POSTED 19 APRIL 2007
A Spring story: Is nature the natural healer?
Could a walk in the park be good for you? Could looking out a window at a park be good for you? Can nature lower stress and promote healing? For centuries, philosophers, mystics and tree-huggers have talked up the benefits of nature.
But if we could sum up the traditional reaction of mainstream medicine, this might do: A walk in the park won't hurt. But if you want to treat the body, not the mind, you better hustle in for some surgery or some meds.
But the tide changed when some number-crunchers found that nature could feed the bottom line. The watershed year was 1984, when a study of gall-bladder surgery patients showed that those who viewed trees through the window left the hospital a day earlier and used fewer pain meds than patients who "enjoyed" a view of a brick wall (see #2 in the bibliography).
Photo by Jeff Miller, courtesy UW-Madison
You might not think nature would need justification from statistics, but the idea that what's on the other side of the window could influence pain, mood and recovery rate gave nature to a whole new significance in medicine. Scientific studies suggest that nature can help patients in two ways:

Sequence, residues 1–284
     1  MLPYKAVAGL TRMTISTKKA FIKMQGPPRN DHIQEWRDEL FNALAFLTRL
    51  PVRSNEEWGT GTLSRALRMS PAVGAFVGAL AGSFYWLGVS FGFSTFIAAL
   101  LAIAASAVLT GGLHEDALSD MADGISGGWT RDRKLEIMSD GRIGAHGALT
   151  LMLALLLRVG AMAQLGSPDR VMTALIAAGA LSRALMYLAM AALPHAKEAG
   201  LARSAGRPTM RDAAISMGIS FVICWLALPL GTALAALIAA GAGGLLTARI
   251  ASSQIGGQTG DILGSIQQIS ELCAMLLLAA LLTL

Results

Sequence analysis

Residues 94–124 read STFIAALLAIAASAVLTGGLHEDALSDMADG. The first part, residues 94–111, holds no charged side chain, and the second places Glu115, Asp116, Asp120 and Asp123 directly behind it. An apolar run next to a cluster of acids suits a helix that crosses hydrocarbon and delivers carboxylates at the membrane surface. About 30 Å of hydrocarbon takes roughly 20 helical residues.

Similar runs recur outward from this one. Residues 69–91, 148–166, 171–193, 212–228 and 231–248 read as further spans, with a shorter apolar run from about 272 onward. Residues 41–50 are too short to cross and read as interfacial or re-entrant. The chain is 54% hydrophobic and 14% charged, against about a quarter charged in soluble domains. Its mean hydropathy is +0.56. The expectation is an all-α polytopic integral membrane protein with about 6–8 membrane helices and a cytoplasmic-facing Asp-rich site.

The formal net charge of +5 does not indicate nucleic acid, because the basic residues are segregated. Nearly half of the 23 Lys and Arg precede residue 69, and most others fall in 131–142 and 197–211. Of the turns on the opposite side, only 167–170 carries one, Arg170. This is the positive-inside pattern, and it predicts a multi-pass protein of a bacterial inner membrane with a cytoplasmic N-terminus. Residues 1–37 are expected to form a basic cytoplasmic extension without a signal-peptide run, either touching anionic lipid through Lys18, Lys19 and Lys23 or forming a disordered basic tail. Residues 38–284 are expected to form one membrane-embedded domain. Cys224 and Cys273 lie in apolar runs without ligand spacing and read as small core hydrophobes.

Reducing stress in healthy people. Exposure to nature lowers heart rate and blood pressure, two key measures of stress. High blood pressure contributes to strokes and heart attacks, so reducing stress is one way to keep people out of clinics and hospitals in the first place.
Reducing the stress, strain and pain of an encounter with the medical establishment. Such contact can be stressful: Doctors have long discussed the "white-coat" effect: The anxiety and fear aroused by the presence of medical equipment and personnel can raise blood pressure.
Photo by Michael Forster Rothbart, courtesy University of Wisconsin-Madison
In assessing the healing power of nature, we must rule out the benefits of simply changing the subject: children report less pain if they are asked to blow bubbles before an injection (common sense says the kids are simply concentrating on something beside the needle). Another factor that can confound this type of study is exercise, which is healthy if it occurs during a walk in the woods or a trot on the treadmill.
Courtesy Bronson Healthcare Group, Kalamazoo, MI
But some scientists say distraction and exercise by themselves cannot explain all the health benefits to patients who are exposed to nature.
What does the evidence say about nature and healing?
Megan Anderson, project assistant; Terry Devitt, editor; S.V. Medaris, designer/illustrator; David Tenenbaum, feature writer; Amy Toburen, content development executive